4. Ear plugs if you're a light sleeper (the honking is constant and deafening at times and most men scream-talk even if they're just asking how their wife's day was.
  5. Adapters for your laptop/phone - most US chargers can be used in China without an adapter (I'm not using adapters and everything has been fine so far; my chargers all say on them that they can be used between 100-240V, which is perfect), but it's better to be safe than sorry. 
  6. Cash money. The ATM fee to use my Wells Fargo/US debit card at the ICBC machine was $15.30, and that was to withdraw less than $100. Bring cash with you and exchange it for RMB at the airport ($10 exchange fee to change $140 at the Changsha (CSX) airport). I get paid in RMB though, so it's not a problem anymore.
  7. Bug spray if you're coming anytime other than winter.
  8. Mandarin to English dictionary or some way to begin learning Chinese. The language barrier is difficult to overcome in less populated places, and while Mandarin is the "official" language, there are a ton of dialects that make understanding and being understood hard. An app on your phone will be great in lieu of a physical dictionary, but make sure your phone is unlocked and able to connect to mobile data with a Chinese SIM card inserted. 
Private theater rooms, festivals, and lovely views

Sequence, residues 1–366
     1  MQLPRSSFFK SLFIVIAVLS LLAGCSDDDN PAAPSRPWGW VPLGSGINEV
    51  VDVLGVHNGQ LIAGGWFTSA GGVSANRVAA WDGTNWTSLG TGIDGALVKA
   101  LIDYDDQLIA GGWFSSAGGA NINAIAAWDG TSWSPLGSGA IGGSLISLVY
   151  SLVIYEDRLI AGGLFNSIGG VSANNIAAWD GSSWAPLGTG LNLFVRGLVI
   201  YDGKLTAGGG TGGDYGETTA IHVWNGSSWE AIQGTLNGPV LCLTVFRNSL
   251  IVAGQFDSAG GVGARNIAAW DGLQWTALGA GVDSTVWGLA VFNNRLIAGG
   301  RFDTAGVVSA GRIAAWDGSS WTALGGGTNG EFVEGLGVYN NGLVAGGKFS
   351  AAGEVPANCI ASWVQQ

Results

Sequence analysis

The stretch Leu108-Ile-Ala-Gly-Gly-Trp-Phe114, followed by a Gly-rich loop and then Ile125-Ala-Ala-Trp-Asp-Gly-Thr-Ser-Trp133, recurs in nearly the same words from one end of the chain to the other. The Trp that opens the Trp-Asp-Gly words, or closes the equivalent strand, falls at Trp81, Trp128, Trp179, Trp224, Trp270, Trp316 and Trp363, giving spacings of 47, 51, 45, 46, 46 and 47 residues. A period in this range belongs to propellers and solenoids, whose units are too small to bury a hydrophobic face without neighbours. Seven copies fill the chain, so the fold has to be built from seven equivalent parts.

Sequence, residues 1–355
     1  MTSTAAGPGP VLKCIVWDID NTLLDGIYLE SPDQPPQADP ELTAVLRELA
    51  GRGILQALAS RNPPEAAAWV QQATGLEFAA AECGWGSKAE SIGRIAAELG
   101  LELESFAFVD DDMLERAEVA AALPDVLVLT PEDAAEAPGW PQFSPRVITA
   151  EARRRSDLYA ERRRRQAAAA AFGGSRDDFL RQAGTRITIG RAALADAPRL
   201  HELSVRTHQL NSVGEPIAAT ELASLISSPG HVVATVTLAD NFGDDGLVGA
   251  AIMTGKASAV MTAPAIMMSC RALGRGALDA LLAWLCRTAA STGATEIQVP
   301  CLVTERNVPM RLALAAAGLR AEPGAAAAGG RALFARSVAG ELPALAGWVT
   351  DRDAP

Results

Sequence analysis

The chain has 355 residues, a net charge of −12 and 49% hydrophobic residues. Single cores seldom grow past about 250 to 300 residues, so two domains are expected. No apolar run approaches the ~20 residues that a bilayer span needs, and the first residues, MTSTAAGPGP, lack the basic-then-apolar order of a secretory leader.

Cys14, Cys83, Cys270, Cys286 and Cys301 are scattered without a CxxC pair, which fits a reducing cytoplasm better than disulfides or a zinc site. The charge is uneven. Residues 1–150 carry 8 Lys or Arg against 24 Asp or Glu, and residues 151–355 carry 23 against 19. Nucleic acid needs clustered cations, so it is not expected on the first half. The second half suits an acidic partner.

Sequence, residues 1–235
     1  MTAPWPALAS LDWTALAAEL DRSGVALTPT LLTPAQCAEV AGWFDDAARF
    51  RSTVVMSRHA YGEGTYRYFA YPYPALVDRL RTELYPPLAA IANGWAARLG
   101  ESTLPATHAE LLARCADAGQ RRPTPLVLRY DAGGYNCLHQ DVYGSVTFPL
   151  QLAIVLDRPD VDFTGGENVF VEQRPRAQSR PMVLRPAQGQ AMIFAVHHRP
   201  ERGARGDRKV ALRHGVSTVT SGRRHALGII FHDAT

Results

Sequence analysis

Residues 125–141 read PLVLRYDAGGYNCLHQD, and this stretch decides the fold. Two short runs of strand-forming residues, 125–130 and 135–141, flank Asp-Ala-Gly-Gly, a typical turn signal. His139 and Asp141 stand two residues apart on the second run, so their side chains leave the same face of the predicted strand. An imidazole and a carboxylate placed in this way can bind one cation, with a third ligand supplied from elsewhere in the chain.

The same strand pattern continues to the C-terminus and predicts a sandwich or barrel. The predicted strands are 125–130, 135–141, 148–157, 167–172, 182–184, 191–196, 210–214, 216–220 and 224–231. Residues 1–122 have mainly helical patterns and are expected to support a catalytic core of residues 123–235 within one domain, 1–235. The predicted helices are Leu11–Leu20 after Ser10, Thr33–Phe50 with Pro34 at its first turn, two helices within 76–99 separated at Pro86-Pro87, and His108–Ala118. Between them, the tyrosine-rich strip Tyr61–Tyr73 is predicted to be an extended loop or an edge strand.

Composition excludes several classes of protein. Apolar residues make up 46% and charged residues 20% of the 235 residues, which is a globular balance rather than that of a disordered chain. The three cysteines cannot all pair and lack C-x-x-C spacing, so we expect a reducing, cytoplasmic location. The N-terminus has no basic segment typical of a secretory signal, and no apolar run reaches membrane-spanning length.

Living in the eastern world has been the most interesting thing I've ever done. There are, of course, things I would like to change, but this is all part of the experience. 

Rivers are transportation, water sources, and washers
I talk to my friends back in the States and they tell me about villainous Trump, the feminist movement's struggles, sexual misconduct and harassment in Hollywood and the trickle down, dating problems, taxes and high rent, and the like. I listen interestedly, but detached.

Here, I'm lucky. I don't pay rent or utilities for my large 1-bedroom overlooking Tianmen Mountain and my forested campus. My only expense here is food and most of my lunches cost 6RMB ($1) and most of my dinners are less than 20RMB (less than $4). I can get two hour, full body massages for less than $30, and I can watch any movie I want at the private theater downtown in my own, personal room for about $10. Also, crime is almost nonexistent.

At the same time, I can't drink the water here. I complain about the spots on my drinking glasses at restaurants only to walk outside and see staff washing vegetables and meats in the river with their bare hands while men smoke nearby. I leave my rural, mountainside, beloved Zhangjiajie to explore the rest of China and have to buy smog masks immediately upon arrival. I walk around and see exhausted grandparents raising energetic toddlers.

Oranges are a major crop in Hunan
However, I also go to lunches with my students and other foreign teachers on Saturday afternoons, eat local delicacies and deliciously prepared spicy foods, take taxis back to the university, only to see frail, old men sifting through the garbage and frantically drinking from half finished water bottles. However, I love this city, this province, and this country. I can't believe I get to live here and experience it all.

China is vast, beautiful, and culturally unparalleled. I'm grateful for my travels so far and my travels to come. I used to worry about everything I was missing back home, but now I'm more concerned about the adventures and stories that I could be missing here.

*I'm living and working in the Hunan Province, which is very rural. I'm sure most of these things don't apply if you're living in a major city like Beijing, Shanghai, Hong Kong, etc.